This tells me that even when we kinda mess stuff up and even when we don’t have very good answers for people, so many of us hunger for a place to unashamedly discuss our management of trauma.

So I’m glad I was on that panel that worried me. And I’m glad people got something out of it. I hate that I have to keep this blog anonymous for now, but I will continue to speak out about my PTSD in public to destigmatize and to hold up a banner: I am here. I understand. Let’s talk about it. (Or just cry and hug.)

We need to speak out when we are supported and feel safe enough, and we need to connect with one another — even if we think we are screwing it all up.

Solidarity, my traumatized compatriots. And also big hugs, and I am proud of you.

Repressed Memories

downloadI have only uncovered one truly repressed memory (I’ve looked back on memories I had with a horror of dawning understanding about what was actually happening, but this is different).

The memory was of my mother hitting me in the head with a skillet and giving me a concussion. I recovered it when I was looking through an old journal and saw strangely shaky handwriting and wondered: “Was I drunk at 17? I never drank as a teenager,” and then a little voice in my head said ‘no no no’ and I slammed the old notebook shut but the memory rose from the pages before I even read the entry and hit me in the head like the pan and down I went, on the basement floor, and completely relived the experience.

It was unpleasant. To say the least. I do not want another one. I’ve reassured myself that I was prompted to remember something with my old journal, and that I repressed it especially easily because I had head trauma at the time, and probably there are no more memories like that lurking that I will accidentally uncover.

*

This week I continued  last week and the week’s before target. I felt like I was done with it after my triumphant finish, but when I thought again of a woman or a child screaming ‘no, don’t,’ my jaw tightened.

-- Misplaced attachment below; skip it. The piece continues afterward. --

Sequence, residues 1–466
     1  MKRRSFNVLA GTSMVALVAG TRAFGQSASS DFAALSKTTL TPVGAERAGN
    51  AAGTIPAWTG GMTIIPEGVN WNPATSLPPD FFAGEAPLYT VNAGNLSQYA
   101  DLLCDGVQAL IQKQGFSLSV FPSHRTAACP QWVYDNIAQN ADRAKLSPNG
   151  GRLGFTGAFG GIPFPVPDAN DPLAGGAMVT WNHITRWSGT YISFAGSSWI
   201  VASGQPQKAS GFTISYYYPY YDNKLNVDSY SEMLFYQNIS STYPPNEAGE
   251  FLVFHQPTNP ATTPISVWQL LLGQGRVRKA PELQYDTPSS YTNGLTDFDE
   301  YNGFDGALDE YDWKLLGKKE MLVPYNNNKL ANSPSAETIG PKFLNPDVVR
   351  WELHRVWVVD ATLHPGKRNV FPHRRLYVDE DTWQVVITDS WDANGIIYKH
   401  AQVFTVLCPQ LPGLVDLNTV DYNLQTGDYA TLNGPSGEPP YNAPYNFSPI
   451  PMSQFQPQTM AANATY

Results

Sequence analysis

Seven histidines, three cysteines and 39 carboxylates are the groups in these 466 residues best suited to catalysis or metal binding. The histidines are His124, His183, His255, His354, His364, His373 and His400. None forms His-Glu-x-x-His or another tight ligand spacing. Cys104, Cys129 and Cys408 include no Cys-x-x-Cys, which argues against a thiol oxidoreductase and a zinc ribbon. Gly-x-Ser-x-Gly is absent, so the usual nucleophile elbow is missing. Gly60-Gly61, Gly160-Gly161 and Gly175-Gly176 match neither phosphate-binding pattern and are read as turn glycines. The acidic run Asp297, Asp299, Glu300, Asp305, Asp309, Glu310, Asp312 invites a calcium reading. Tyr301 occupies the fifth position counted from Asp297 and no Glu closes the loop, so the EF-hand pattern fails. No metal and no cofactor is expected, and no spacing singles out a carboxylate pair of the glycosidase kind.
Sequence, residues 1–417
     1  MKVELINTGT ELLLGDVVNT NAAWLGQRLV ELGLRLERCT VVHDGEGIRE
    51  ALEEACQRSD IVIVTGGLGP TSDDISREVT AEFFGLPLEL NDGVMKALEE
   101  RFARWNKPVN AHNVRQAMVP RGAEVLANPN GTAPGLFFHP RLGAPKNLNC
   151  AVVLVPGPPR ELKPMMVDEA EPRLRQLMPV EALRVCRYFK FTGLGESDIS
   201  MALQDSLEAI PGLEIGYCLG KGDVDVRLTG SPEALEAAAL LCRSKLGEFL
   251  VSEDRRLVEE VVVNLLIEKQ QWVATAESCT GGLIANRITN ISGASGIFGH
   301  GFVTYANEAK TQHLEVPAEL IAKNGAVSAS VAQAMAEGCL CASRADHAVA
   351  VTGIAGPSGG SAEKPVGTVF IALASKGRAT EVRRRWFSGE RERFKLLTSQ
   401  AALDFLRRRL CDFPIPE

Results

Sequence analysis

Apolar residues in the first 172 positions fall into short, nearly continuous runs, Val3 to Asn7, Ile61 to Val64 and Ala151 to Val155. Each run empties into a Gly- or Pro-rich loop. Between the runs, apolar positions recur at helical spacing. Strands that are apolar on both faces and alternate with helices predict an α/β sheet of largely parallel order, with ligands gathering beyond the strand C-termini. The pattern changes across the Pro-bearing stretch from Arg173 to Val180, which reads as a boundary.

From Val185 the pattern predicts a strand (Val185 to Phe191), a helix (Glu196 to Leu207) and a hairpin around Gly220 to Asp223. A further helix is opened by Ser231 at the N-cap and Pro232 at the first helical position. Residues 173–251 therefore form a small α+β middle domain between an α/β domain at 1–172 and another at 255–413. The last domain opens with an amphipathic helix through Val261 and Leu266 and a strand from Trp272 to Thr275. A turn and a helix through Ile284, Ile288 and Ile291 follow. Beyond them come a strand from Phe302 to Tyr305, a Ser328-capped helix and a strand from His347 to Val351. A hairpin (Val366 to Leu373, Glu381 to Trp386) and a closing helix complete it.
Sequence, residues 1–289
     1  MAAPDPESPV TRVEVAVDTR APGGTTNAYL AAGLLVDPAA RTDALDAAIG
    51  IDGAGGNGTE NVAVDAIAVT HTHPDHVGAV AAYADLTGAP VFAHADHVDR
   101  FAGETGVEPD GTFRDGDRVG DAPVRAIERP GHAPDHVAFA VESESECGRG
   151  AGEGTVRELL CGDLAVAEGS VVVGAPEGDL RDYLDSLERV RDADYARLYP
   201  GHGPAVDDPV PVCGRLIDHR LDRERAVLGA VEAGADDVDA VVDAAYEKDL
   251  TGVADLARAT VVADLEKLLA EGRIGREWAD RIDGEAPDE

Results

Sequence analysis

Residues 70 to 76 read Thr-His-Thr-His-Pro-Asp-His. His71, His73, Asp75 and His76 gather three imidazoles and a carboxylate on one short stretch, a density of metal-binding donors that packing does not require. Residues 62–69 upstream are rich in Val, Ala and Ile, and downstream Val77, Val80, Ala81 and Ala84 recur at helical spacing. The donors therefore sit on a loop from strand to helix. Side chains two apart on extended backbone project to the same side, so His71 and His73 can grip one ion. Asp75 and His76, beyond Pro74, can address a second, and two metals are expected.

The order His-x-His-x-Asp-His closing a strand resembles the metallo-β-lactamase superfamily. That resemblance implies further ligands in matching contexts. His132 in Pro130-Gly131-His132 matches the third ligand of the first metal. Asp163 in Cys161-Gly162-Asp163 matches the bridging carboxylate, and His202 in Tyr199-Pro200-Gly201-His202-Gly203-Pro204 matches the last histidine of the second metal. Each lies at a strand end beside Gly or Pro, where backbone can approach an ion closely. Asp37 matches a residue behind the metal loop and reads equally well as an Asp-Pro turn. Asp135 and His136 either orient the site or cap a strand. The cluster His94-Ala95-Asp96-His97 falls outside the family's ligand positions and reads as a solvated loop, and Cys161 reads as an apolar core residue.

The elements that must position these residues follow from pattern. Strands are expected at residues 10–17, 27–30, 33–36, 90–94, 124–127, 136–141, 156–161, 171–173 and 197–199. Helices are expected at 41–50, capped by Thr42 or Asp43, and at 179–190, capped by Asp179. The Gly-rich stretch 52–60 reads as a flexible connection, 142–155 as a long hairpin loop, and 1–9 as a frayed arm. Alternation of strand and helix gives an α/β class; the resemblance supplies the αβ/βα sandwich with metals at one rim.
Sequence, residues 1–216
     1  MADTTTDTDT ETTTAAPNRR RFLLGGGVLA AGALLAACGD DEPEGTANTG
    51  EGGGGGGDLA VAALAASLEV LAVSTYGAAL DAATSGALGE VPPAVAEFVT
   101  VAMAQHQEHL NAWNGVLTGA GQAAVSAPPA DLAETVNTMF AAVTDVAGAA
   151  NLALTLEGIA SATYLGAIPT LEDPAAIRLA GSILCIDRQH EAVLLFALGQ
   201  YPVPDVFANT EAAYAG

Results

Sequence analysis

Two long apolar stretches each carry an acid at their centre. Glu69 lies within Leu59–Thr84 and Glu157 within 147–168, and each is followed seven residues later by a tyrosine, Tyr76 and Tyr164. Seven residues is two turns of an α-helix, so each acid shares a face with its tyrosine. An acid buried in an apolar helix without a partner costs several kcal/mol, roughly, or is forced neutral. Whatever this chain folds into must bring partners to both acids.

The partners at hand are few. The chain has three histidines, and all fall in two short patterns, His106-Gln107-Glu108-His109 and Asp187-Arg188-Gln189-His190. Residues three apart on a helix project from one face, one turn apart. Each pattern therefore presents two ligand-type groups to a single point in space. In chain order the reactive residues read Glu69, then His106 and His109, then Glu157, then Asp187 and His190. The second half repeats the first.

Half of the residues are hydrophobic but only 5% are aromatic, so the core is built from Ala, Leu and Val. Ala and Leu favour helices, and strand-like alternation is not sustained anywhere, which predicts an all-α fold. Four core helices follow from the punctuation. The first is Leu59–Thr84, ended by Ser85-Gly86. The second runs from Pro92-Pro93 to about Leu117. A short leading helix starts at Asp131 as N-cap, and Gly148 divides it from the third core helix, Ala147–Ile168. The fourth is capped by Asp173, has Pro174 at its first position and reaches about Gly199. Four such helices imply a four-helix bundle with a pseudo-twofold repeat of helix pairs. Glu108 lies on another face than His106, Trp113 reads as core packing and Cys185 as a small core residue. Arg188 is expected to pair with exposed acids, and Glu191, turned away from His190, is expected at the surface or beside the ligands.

We went through the beginning questions again, which I won’t bore you with. Last week’s session was very powerful, though, because I went from a level of disturbance when thinking of the memory of eight to a two — and from completely not believing a statement that I have some control and the power to change to almost fully believing it (a 1 to a 6, for those number crunchers.)

So — my jaw tightened a little (which is completely different from the outright panic I’d felt last week when thinking of the memory), so we went back in again.

And the series of images and memories that my brain paraded before me all had the same theme.

It’s two words, maybe three, to name the theme. And I can’t type them. WOW.

I will say the nature of the images (they were all pulled from headlines or movies) tell me that if I am forgetting something from my past, it is probably something that I witnessed rather than experienced.

Or I am just freaked out by this type of trauma because I am a mother of boys? I doubt it, based on how far back my complete horror at this particular trauma goes — since before I had children.

“I am so afraid that I saw something terrible and did nothing about it,” I said to my therapist after the session was over. “Do you believe in repressed memories?”